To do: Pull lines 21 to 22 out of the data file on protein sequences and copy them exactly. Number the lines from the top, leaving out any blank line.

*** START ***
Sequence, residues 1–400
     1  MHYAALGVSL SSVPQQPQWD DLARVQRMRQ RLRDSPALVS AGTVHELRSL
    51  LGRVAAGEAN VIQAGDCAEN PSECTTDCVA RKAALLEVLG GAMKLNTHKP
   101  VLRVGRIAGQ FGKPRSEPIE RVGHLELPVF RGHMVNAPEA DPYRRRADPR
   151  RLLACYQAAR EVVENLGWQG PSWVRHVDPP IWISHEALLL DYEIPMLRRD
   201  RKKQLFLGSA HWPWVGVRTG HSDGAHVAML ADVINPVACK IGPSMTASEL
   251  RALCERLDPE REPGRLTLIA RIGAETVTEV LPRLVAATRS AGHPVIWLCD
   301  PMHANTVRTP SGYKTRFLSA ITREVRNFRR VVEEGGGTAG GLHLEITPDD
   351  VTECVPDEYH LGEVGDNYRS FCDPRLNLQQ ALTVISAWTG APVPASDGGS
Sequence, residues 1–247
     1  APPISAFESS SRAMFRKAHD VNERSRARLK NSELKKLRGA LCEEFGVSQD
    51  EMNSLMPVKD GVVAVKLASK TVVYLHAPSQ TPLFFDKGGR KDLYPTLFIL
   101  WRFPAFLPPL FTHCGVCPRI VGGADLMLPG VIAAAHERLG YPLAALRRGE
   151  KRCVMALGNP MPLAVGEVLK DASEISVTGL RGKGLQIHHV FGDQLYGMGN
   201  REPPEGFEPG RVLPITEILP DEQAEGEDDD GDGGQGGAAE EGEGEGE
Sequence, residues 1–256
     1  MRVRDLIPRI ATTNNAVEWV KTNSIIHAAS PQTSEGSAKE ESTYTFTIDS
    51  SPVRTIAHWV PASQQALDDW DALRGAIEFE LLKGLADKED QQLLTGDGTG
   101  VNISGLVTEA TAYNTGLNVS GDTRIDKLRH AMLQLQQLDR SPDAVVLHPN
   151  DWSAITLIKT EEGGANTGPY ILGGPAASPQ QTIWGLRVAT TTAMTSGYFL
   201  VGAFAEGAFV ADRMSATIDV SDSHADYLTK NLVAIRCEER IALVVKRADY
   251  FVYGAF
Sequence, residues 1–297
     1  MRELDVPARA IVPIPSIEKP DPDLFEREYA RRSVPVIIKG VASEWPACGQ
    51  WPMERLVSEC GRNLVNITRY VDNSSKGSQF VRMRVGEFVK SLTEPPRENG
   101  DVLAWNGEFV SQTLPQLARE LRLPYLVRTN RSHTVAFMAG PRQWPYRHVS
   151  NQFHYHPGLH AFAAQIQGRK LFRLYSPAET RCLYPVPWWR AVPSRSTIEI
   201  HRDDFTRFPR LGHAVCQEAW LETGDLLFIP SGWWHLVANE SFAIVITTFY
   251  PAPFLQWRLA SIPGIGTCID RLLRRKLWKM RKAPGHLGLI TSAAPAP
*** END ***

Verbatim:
   201  VGAFAEGAFV ADRMSATIDV SDSHADYLTK NLVAIRCEER IALVVKRADY
   251  FVYGAF